Managerial Incentives and Favoritism in Promotion Decisions: Theory and Field Evidence
AbstractThis paper investigates the effects of managerial incentives on favoritism in promotion decisions. First, we theoretically show that favoritism leads to a lower quality of promotion decisions and in turn lower efforts. But the effect can be mitigated by pay-for-performance incentives for managers who decide upon promotion. Second, we analyze matched employer-employee survey data with detailed firm level information on managerial incentive schemes and find that perceived promotion quality is indeed substantially higher when managers receive performance-related pay or participate in gain sharing plans.
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Bibliographic InfoPaper provided by Institute for the Study of Labor (IZA) in its series IZA Discussion Papers with number 5543.
Length: 29 pages
Date of creation: Mar 2011
Date of revision:
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Find related papers by JEL classification:
- J33 - Labor and Demographic Economics - - Wages, Compensation, and Labor Costs - - - Compensation Packages; Payment Methods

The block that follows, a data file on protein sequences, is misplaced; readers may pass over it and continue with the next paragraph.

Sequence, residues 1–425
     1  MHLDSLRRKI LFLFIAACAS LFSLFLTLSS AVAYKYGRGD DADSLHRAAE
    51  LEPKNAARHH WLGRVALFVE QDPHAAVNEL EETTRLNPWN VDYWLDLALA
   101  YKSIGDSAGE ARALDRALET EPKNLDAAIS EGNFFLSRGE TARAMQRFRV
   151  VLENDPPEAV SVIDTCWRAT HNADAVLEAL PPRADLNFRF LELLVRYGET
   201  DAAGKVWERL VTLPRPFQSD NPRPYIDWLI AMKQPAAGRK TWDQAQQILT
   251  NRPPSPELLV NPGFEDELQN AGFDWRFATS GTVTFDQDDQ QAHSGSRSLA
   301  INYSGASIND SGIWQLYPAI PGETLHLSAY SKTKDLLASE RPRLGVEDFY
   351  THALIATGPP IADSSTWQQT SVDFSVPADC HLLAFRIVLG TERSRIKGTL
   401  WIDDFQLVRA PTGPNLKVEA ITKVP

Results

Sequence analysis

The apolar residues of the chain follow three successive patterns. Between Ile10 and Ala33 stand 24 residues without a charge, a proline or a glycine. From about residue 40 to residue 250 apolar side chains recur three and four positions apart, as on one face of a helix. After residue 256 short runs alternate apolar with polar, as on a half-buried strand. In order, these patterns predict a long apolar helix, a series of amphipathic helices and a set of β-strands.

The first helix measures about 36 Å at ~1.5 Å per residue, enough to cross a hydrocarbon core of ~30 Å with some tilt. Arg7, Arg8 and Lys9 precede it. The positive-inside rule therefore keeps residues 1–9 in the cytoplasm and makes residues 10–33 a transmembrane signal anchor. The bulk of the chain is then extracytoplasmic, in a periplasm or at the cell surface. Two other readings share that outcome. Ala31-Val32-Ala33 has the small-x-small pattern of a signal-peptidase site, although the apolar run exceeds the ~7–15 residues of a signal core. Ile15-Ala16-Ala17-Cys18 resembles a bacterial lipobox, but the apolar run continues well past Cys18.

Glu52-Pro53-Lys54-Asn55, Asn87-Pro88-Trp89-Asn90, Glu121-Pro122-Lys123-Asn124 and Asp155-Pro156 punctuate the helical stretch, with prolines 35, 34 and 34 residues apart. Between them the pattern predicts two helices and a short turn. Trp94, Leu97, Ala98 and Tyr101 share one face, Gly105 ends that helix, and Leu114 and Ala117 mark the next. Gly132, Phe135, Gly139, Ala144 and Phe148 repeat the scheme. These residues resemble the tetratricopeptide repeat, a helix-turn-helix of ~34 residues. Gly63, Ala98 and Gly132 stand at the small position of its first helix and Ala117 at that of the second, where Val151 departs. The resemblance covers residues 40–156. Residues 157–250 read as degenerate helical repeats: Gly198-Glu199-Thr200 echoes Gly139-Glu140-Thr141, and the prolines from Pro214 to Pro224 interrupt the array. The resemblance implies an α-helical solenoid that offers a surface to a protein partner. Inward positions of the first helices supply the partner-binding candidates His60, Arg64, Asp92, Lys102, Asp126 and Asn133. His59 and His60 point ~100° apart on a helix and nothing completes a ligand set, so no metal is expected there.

- M51 - Business Administration and Business Economics; Marketing; Accounting - - Personnel Economics - - - Firm Employment Decisions; Promotions
- M52 - Business Administration and Business Economics; Marketing; Accounting - - Personnel Economics - - - Compensation and Compensation Methods and Their Effects
- M54 - Business Administration and Business Economics; Marketing; Accounting - - Personnel Economics - - - Labor Management
- J71 - Labor and Demographic Economics - - Labor Discrimination - - - Hiring and Firing
This paper has been announced in the following NEP Reports:
- NEP-ALL-2011-03-12 (All new papers)
- NEP-BEC-2011-03-12 (Business Economics)
- NEP-CBE-2011-03-12 (Cognitive & Behavioural Economics)
- NEP-CTA-2011-03-12 (Contract Theory & Applications)
- NEP-HRM-2011-03-12 (Human Capital & Human Resource Management)
- NEP-LAB-2011-03-12 (Labour Economics)
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